Welcome to the Shroomery Message Board! You are experiencing a small sample of what the site has to offer. Please login or register to post messages and view our exclusive members-only content. You'll gain access to additional forums, file attachments, board customizations, encrypted private messages, and much more!
These bolete were found in NE Wisconsin. Our property has a vast variety of bolete and I would love to know what they are and if they are edible. Thanks for any help!
Found under pine and popple. Dark tan/brown cap. Firm stem with netting design. White pores. Does not turn color when cut.
Found in a hemlock woods. Very fresh, and pale lavender. Too young to see pores. Did not change color when cut.
Found in hemlock woods. Growing single or in pairs. Some were very fresh others older and dry. Pale red fading to bright yellow. Stem firm and solid yellow, pores yellow. Did not turn any color when cut.
Found in jack pines and popple woods. Light brown cap with white pores and black flecks on stem. Pores white. Turned black when cut and then turned to mush overnight.
Found in jack pines and popple woods. Tan firm cap, Yellow pores, stem with a netting design. Stem very fibrous but not hollow. Did not turn color when cut.
ToxicMan is the Bolete expert, but I will tell you what I know about them. Boletes are the safest kind of mushroom to eat, because unlike the gilled mushrooms, there is a simple set of rules for testing edibility.
All boletes can be eaten with the following exceptions.
1) Red and yellow boletes. These should not be eaten because there are lots of poisonous species with this coloration. Either color by itself or in combination with other colors is OK, but Boletes with both red and yellow together should not be eaten.
2)Boletes which bruise blue. While there are some edible blue bruising boletes, there are more poisonous species with this characteristic. Blue bruising boletes should not be eaten unless they are identified as a safe species by an expert mycologist.
3)Any other bolete which is too bitter to be palatable. This can be a fun field test which is safe with boletes. Just chew up a small piece and spit it out. If it's bitter you will know it. When I go hunting with friends I like to pick boletes which I know are bitter and have my friends field test them. Hehehe It won't hurt you to eat these, but one bitter bolete can ruin the sauce.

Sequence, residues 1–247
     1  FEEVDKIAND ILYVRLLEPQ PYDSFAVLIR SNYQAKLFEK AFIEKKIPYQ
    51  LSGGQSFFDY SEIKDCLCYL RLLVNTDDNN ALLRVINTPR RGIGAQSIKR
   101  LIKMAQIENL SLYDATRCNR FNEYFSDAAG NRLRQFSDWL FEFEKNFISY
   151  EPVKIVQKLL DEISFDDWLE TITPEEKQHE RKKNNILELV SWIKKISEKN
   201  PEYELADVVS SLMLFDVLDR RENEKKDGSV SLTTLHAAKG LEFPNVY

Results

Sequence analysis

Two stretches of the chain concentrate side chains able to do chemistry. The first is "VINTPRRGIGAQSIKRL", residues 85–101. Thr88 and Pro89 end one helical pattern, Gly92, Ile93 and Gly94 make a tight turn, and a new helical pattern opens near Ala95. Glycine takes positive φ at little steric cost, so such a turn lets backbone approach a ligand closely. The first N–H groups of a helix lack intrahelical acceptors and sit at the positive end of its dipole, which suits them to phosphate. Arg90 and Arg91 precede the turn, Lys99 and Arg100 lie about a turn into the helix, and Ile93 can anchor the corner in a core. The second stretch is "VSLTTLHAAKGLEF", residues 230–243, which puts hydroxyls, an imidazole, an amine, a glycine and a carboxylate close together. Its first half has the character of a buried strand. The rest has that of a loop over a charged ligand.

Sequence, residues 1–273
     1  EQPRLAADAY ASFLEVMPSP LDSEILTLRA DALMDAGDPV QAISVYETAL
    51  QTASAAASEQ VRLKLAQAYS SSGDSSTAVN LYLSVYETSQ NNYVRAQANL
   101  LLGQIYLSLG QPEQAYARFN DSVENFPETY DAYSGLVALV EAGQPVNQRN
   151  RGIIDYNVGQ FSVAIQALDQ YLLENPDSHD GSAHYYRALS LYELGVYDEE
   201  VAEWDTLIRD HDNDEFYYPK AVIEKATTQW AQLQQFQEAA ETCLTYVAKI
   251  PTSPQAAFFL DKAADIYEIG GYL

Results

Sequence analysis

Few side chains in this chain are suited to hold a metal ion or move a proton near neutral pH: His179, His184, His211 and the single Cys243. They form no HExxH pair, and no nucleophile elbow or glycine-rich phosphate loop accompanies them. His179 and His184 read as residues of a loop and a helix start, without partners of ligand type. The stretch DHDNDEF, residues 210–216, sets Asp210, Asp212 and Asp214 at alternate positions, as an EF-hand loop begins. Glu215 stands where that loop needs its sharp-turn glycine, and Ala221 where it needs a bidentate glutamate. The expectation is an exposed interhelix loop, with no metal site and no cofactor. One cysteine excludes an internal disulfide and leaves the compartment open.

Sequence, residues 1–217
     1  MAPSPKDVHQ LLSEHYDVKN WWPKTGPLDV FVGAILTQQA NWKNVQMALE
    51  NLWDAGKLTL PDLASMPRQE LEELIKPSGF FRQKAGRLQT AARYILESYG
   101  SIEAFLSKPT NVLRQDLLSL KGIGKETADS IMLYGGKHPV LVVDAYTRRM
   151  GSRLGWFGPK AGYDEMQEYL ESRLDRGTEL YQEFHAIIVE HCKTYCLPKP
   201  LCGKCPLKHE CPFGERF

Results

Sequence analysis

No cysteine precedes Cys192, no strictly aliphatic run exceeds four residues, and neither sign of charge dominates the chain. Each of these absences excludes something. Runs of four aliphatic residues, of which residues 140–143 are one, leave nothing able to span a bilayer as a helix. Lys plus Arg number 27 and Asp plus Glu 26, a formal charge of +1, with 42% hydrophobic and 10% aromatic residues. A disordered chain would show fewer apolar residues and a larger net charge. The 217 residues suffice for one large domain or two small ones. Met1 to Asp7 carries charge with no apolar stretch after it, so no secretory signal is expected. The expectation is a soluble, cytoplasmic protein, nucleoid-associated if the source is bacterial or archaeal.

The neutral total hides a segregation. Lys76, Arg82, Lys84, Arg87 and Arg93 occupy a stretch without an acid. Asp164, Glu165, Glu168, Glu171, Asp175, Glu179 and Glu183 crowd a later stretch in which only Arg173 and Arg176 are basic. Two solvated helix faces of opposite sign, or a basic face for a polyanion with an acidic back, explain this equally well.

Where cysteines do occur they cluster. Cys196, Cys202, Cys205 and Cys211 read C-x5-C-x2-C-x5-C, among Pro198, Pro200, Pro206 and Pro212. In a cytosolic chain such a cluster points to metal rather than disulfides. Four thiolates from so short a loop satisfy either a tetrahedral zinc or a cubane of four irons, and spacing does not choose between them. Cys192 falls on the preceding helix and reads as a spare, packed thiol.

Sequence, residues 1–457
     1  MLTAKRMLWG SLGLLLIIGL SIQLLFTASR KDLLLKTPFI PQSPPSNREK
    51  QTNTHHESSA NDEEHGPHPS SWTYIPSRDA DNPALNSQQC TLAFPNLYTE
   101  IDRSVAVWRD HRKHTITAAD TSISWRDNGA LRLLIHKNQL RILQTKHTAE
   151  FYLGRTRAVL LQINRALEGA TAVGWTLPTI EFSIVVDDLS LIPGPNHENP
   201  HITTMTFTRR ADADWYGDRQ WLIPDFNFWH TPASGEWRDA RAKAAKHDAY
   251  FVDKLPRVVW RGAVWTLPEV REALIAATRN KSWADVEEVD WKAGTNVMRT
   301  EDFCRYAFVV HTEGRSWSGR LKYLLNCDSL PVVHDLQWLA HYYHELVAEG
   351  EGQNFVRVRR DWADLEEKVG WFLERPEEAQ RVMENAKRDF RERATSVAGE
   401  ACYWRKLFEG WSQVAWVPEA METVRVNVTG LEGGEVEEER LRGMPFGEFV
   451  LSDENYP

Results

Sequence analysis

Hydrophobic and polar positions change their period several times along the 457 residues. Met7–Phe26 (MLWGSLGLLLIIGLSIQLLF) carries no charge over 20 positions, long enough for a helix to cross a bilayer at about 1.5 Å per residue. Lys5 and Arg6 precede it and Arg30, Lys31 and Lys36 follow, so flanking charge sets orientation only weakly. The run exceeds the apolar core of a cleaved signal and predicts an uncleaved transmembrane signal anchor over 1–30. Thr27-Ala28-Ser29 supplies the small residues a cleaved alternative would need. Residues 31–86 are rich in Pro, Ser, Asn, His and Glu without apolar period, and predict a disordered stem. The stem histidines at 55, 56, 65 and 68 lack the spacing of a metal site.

Judging from these criteria:
#1 Is edible. Test to see if it's bitter.
#2 Those lavender ones are beautiful, but in my experience they always turn out bitter.
#3 Yellow and red. Pitch em.
#4 Something tells me that those would not be good to eat, but that's just a guess. They key out safe using the above method.
#5 Keys out safe. Check for flavor before cooking.
On each of your specimens, try scratching the pore surface (a fingernail works well) and seeing if it changes color. Note that a change of color is not the same as an intensification of color. If it changes color, note roughly how long it took for the change to happen.
Does the reticulation (the fancy name for the net-like pattern on the stem) go down more than halfway or just one third or less?
On the second ones, go ahead and carve out the stem from one to get to the pores. It might be easiest if you cut it in half vertically first. Also, what does the surface of the stem look like?
On any of them where you didn't describe it, we need to know what the surface of the stem looks like. Is there a netlike pattern (reticulation - it can be difficult to see on some species), or are there scabers, or are there glandular dots), or is it just smooth? If you're unsure of those terms, look them up here.
BTW, shroomydan, it's red or orange tubes or tube mouths that are one of the indicators for poisonous species. The cap color isn't important for making that distinction, that I'm aware of.